Ancient Roman shipwreck discovered off Crimea coast
Researchers in Crimea have uncovered a riveting archaeological find not far from the Sevastopol coastline. At the mouth of the usually busy and picturesque Balaklava Gulf, sonar scans revealed what turned out to be a Roman trading vessel dating from 2-3rd century AD.
The ship lay 85 meters below the waves and proved to be a challenge for divers to reach and thoroughly inspect. Nevertheless, Neptune Expedition diver Pavel Lapshin revelled at the chance to be part of an archaeological mission. He was part of a two-man group of professional career divers who took video and photo material for experts to analyse.
Crimea native historian Viktor Lebedinsky was able to determine the type and purpose of the ship based on the footage, with the anchor providing the most concrete evidence. Since Crimea was a Roman colony in ancient times, the Sevastopol State University Marine Studies Department already had a scale model which they used to study the ships of their former conquerors. The ship was of the round type, meaning it carried significant cargo and treaded waters in peacetime.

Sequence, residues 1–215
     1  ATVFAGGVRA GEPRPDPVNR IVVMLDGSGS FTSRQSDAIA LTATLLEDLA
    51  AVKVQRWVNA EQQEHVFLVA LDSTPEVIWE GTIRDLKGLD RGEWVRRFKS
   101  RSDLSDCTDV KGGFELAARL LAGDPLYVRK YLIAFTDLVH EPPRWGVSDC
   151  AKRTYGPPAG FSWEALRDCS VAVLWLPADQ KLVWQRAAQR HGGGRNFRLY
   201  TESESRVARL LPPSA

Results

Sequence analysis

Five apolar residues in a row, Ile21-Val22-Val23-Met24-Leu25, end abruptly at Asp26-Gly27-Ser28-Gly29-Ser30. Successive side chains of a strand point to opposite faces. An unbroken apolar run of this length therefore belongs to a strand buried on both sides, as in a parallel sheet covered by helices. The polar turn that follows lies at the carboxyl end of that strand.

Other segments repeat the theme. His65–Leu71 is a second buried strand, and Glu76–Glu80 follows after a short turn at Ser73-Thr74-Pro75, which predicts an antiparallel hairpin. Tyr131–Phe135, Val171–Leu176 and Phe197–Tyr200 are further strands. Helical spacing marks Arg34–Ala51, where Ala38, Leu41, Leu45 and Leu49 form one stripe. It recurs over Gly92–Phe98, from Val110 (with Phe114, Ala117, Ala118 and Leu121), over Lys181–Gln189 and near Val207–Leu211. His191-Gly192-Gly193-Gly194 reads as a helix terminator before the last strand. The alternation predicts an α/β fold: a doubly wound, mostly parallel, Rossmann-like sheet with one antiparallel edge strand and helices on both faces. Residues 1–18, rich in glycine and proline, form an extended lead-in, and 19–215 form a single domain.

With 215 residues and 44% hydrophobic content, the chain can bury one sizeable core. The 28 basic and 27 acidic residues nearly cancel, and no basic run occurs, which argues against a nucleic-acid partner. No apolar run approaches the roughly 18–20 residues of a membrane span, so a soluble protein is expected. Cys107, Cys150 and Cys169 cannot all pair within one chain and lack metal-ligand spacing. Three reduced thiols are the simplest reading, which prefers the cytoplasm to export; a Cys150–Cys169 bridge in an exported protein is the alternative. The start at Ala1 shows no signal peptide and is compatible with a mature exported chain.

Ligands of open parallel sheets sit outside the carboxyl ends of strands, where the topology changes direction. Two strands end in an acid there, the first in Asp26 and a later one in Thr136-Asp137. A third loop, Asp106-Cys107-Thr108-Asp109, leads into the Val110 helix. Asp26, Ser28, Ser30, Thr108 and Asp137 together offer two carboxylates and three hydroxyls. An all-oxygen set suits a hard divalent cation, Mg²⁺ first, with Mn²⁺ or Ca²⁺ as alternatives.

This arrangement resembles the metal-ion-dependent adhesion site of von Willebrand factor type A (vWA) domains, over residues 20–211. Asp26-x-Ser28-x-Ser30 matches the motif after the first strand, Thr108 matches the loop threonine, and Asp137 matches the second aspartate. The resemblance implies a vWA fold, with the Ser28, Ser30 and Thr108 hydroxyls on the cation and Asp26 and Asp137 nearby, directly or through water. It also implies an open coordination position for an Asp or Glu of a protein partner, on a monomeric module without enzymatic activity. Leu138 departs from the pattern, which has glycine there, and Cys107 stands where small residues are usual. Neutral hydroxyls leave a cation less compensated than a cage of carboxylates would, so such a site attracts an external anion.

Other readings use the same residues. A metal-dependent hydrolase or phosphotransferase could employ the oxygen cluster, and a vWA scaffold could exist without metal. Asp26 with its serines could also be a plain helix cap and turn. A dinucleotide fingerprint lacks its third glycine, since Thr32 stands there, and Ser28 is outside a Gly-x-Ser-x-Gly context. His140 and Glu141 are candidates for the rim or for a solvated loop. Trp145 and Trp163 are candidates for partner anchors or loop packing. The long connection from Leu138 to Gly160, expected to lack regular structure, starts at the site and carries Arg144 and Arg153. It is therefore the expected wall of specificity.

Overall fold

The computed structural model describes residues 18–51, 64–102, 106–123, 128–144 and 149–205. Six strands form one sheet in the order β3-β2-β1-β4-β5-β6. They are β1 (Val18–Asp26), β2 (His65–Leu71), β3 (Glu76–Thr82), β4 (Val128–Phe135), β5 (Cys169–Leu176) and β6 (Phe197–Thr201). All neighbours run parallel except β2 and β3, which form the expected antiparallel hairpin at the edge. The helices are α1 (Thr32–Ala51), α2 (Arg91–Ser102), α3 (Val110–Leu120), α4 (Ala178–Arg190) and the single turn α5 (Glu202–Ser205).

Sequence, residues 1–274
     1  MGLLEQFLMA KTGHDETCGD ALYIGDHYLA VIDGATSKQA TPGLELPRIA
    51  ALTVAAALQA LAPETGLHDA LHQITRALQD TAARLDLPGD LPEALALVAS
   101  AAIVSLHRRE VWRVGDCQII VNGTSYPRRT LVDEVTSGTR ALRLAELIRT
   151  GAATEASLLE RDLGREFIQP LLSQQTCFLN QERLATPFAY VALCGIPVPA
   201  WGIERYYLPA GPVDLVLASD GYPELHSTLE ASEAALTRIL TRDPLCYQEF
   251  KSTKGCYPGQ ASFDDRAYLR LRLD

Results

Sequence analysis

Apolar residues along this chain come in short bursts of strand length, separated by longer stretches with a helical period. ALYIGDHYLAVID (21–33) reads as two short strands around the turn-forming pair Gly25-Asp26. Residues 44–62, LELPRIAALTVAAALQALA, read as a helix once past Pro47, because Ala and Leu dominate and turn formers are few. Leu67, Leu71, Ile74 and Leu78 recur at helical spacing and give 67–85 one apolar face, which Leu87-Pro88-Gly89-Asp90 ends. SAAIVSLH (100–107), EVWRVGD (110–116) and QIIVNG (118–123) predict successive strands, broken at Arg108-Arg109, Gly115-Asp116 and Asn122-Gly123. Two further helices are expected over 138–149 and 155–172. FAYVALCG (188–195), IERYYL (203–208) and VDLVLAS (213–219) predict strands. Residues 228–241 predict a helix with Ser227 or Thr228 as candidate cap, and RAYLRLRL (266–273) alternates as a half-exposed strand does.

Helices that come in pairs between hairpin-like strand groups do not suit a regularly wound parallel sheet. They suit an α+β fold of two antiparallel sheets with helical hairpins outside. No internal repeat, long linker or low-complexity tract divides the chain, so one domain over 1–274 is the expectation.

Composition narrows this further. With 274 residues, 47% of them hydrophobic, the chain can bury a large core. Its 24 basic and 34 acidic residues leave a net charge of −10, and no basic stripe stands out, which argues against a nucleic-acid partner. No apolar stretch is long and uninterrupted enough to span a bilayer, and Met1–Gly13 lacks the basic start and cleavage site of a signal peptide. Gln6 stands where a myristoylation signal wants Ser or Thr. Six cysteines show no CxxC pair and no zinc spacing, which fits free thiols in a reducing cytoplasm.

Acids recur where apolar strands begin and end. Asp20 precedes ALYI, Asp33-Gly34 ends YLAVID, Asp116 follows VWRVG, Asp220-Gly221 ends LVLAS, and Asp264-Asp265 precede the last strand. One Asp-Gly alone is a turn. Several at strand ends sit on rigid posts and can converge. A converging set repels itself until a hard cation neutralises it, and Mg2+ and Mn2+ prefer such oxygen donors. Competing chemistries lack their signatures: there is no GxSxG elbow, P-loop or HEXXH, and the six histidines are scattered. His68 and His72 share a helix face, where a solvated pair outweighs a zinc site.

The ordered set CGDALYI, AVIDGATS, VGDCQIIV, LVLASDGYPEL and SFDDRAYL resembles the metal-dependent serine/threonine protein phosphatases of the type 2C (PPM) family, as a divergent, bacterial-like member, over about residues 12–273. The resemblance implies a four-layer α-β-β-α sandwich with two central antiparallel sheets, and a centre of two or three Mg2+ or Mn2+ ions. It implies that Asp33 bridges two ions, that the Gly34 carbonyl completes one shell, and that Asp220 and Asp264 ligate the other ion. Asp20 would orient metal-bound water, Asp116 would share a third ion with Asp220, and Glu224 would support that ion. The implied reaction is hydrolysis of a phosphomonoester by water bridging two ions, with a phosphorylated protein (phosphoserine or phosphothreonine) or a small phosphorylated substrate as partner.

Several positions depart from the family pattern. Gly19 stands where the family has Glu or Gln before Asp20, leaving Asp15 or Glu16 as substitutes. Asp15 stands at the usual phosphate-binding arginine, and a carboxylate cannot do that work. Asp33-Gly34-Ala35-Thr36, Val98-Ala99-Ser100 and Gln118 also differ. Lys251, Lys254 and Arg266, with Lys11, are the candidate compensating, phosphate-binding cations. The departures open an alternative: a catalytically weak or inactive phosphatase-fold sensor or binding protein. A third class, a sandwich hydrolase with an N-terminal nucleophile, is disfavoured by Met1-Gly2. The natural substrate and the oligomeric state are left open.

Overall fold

Neptune Expedition Maritime Research hopes to gather funds for a more large scale study of the object next year, and maybe have the opportunity to retrieve it. There have been no reports of treasures found so far.